The SyncMaster 570v's good performance and rock-bottom price make it shine. If you're shopping for a 15-inch display for everyday use, this sleek solution won't disappoint. The SyncMaster 570v's good performance and rock-bottom price make it shine. If you're shopping for a 15-inch display for everyday use, this sleek solution won't disappoint.
Priced at just $449, the SyncMaster 570v is really easy to like. Unlike the Philips 150X, the Samsung doesn't provide a digital interface, but its crisp, well-saturated picture exceeded our expectations in CNET Labs' tests. The screen's viewing angle is tight (120 degrees horizontal, 110 degrees vertical) but average for its class.
The unit's easy-to-use onscreen menu system was a cinch. You can greatly improve the SyncMaster 570v's out-of-box settings by carefully adjusting the fine and course phase rates. The SyncMaster's auto-adjust button will fine-tune your settings in an instant, and you'll be hard-pressed to improve upon the picture with further tweaks. Although this basic LCD monitor is short on fluffy features, Samsung does offer an optional USB hub with four powered downstream ports for $31.
On the downside, the 570v's slow 45ms pixel-refresh rate created a ghostlike trail behind moving images (such as DVD movies). Those interested in better multimedia performance should check out KDS's Rad-5, which has a faster rating (25ms). That said, multimedia enthusiasts usually prefer standard CRT monitors for their superior refresh rates.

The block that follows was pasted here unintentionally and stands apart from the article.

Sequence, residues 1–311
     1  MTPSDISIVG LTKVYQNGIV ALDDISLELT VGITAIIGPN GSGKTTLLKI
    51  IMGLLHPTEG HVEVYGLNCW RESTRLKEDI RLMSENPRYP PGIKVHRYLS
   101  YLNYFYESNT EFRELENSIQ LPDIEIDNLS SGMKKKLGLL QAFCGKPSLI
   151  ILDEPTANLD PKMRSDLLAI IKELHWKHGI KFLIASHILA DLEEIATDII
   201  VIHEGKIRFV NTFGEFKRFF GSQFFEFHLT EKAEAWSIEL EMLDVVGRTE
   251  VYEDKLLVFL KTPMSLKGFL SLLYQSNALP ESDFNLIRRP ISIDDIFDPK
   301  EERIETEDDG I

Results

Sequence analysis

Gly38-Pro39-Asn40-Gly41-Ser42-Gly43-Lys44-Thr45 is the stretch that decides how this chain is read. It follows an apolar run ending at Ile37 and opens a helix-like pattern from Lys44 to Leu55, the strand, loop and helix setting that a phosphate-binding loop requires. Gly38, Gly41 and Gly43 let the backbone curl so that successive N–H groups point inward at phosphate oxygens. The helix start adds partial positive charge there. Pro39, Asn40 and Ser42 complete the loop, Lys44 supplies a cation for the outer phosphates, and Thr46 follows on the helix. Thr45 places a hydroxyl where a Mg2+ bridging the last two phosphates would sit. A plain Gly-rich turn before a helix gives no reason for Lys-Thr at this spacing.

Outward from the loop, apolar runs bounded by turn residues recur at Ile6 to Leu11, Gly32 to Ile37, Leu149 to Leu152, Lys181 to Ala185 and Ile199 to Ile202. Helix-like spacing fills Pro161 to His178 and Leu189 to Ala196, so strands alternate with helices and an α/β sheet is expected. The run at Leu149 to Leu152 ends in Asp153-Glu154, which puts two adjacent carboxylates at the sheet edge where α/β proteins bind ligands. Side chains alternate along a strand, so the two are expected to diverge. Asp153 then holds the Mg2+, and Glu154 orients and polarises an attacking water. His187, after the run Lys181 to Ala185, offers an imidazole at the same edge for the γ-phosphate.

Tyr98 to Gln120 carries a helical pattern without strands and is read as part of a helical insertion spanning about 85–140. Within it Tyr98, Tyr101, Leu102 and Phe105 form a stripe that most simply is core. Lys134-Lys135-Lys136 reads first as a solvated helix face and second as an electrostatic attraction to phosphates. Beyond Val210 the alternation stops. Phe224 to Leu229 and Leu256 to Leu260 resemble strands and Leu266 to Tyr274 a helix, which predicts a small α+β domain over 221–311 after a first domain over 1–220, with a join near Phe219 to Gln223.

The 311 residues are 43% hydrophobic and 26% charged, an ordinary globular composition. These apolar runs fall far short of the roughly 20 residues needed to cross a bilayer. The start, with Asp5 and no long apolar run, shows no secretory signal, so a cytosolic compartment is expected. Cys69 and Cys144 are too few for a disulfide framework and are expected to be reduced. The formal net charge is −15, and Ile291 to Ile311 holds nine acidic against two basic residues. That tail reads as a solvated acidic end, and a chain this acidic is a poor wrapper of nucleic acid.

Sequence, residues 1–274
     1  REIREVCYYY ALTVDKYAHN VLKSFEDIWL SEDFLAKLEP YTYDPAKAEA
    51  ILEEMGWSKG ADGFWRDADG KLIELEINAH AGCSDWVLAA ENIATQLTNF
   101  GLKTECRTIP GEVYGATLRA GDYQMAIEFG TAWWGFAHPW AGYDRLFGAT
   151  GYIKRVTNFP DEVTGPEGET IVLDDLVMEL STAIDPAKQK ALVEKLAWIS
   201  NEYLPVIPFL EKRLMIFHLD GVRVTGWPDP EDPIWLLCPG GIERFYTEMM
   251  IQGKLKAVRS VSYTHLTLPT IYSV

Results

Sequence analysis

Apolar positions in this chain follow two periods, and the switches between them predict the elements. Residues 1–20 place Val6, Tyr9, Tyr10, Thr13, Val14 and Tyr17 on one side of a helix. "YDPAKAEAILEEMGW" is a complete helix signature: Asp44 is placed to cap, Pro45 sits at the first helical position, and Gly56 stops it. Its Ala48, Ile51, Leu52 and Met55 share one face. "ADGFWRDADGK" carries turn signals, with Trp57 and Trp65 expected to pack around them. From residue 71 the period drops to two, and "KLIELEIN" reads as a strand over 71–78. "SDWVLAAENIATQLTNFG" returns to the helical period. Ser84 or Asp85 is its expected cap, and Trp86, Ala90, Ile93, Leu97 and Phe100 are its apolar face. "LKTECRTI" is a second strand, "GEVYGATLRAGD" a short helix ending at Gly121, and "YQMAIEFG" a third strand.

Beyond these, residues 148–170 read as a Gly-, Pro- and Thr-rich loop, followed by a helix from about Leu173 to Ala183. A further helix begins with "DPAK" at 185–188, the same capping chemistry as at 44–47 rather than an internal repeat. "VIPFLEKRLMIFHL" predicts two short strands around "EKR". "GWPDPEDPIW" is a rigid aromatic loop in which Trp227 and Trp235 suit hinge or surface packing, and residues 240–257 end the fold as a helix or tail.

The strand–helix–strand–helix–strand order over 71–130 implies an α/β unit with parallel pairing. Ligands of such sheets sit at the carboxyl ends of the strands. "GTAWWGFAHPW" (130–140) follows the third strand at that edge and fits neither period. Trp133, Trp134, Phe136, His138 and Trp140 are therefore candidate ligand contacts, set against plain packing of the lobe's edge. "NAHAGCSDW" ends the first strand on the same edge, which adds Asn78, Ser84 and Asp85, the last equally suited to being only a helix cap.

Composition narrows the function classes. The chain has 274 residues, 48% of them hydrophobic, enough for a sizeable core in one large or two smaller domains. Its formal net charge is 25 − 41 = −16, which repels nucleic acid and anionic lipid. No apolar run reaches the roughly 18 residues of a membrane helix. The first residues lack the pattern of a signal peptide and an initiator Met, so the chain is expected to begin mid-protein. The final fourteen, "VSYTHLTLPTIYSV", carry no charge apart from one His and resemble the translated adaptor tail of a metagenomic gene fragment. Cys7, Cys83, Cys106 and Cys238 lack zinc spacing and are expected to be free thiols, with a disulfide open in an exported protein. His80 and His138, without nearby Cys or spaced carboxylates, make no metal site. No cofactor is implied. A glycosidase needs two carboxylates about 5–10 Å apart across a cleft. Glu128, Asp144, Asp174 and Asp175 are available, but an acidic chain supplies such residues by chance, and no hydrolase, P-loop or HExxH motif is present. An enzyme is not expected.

The SyncMaster 570v has a three-year warranty on parts and labor, and Samsung provides toll-free technical support 24 hours a day, 365 days a year. From July 1, 2001 to September 30, 2001, Samsung is offering a rebate that brings down the unit's already low price to $399.
If you're looking for better-than-average performance on a budget, the Samsung SyncMaster 570v is a super pick.
15-inch LCD image quality test
Longer bars indicate better performance
|The 570v's crisp, well-saturated picture exceeded our expectations. The screen's viewing angle is tight (120 degrees horizontally, 110 degrees vertically) but near the average for its class.|